You will stand in awe of the monumental grandeur that almost a thousand years of life have given to this gem of Romanesque-Pisan architecture revisited in a Gothic and Baroque touch. The Basilica di Nostra Signora dominates a vast plain in the area of Tergu, a small town near Anglona. It emerges from verdant nature in all its polychromatic glory, with colours from slabs of purple-red trachyte and decorations made with white calcareous stone. Sancta Maria de Therco was probably constructed between 1065 and 1082, perhaps at the behest of the local sovereign Torres Mariano I, the same man who had the Basilica of the Santissima Trinità di Saccargia built, which bears evident similarity. The church was expanded in the following century and became a Benedictine abbey and, together with the monastery, whose ruins you can see next to it, was the seat of the Cassinese priory. For centuries it has been the starting point of the heartfelt, 11 km long Lunissanti procession to Castelsardo that begins at dawn and returns, torches ablaze, after sundown to mark the beginning of the celebrations, rites and rituals of Holy Week.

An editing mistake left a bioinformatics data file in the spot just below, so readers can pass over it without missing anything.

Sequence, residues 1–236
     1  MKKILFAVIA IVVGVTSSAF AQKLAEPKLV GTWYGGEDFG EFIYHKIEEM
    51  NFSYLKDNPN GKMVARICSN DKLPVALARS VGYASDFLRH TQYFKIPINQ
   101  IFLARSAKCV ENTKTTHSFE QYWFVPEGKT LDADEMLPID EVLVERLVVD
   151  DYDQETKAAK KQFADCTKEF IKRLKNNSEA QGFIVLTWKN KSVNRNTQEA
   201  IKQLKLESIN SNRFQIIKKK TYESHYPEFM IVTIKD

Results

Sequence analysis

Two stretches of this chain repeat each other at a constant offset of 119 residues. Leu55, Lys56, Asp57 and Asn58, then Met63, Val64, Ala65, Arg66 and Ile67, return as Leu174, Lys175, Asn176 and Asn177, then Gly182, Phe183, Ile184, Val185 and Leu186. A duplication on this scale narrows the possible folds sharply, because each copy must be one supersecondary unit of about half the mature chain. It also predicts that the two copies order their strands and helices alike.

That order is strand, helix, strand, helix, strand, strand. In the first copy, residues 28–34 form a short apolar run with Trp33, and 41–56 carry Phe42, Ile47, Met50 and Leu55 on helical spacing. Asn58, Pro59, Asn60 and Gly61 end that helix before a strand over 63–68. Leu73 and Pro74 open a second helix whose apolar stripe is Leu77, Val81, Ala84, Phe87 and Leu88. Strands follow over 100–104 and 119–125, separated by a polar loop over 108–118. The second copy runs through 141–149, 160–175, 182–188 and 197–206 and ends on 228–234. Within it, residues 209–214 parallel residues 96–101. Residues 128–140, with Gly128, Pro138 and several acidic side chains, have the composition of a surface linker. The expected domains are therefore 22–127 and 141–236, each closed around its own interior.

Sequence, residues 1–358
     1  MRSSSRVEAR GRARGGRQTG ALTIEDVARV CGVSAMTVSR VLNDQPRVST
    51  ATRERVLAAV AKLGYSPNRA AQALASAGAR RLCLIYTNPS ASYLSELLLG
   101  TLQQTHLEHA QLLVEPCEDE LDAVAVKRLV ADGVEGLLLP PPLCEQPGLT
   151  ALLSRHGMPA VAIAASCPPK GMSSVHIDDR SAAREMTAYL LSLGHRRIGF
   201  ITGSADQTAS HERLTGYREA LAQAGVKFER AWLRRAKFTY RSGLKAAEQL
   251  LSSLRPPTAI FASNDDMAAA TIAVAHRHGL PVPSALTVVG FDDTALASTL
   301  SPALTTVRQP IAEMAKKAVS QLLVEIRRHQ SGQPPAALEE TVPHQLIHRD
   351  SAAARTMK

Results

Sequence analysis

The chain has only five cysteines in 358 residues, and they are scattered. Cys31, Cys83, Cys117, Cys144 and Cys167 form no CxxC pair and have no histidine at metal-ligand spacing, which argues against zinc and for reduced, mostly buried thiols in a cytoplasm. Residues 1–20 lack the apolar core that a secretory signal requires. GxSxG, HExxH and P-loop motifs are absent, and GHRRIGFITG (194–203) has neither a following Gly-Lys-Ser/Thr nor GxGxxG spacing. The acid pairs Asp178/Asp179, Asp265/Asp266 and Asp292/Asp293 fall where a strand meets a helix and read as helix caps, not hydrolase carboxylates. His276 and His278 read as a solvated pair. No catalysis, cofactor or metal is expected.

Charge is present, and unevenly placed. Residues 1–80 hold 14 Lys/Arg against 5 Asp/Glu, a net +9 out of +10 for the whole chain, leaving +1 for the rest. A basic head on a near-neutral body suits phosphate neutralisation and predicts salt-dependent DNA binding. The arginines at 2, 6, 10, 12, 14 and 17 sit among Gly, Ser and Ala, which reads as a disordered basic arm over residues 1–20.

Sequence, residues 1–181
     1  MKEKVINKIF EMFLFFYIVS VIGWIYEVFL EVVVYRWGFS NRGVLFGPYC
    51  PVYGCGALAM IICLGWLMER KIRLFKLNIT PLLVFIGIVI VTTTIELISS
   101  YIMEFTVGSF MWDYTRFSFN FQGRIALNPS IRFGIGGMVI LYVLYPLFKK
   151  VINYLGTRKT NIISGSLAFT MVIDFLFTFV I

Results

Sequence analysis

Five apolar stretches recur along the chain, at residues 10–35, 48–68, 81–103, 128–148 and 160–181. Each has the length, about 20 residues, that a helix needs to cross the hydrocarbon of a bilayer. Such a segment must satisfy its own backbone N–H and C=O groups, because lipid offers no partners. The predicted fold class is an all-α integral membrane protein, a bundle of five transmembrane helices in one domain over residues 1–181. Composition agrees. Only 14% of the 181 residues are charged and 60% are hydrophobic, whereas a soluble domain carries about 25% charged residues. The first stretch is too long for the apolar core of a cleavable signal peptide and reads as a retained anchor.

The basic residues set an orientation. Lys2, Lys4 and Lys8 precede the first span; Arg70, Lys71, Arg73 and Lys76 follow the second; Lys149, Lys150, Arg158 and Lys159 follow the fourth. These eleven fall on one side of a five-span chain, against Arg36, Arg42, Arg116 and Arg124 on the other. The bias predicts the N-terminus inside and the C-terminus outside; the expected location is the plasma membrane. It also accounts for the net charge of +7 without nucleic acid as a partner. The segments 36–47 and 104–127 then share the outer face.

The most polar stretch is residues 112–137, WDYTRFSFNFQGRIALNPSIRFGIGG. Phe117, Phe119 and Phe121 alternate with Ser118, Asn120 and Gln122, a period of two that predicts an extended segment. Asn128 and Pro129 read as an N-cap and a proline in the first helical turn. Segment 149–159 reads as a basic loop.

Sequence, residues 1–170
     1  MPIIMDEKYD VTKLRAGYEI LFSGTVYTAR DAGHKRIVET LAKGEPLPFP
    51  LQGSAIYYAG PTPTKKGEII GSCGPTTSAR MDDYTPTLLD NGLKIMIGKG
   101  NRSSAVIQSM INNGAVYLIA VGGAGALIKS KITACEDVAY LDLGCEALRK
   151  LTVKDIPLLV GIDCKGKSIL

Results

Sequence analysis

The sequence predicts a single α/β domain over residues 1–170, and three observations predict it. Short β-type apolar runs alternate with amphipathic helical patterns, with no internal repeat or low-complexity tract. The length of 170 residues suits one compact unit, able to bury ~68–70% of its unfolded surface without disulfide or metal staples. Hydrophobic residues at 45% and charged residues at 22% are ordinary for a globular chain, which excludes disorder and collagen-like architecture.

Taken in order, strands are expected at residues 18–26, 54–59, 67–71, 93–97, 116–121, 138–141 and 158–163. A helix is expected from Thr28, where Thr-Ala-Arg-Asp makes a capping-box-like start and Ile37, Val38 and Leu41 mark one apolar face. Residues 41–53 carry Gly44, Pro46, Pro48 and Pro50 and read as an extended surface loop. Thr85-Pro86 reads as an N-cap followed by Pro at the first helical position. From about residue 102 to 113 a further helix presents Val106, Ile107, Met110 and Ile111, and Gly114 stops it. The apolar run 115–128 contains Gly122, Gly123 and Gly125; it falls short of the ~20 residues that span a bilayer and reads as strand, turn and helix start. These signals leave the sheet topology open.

What distinguishes the basilica are the colours of the façade, a blend of light-coloured stone with a parament of redish vulcanite. The rectangular shape is divided into two levels. The lower part sits on a basement and, as in Saccargia, set on three large blind arches resting on corner pillars and columns surmounted by elegant Corinthian capitals. The portal has a two-coloured raised arch and jambs framed by columns. The second row echoes the false arches, five, of which the two at the ends have a zig-zag design and frame nine tiles with an inlaid geometric pattern. The most striking decoration is a central rosette with an ornate trim and framed by four columns. On the left side of the facade is a massive square bell tower that rises above the basilica and giving it momentum. The original floor plan called for a single nave, which later became a Latin T-cross with the insert of the transept, the arms of which are barrel-vaulted and open toward the main body with an ogival arch. The rectangular apse dates to the second half of the XVII century, as does the barrel vault that once covered the nave, later replaced by the current wooden roof trusses.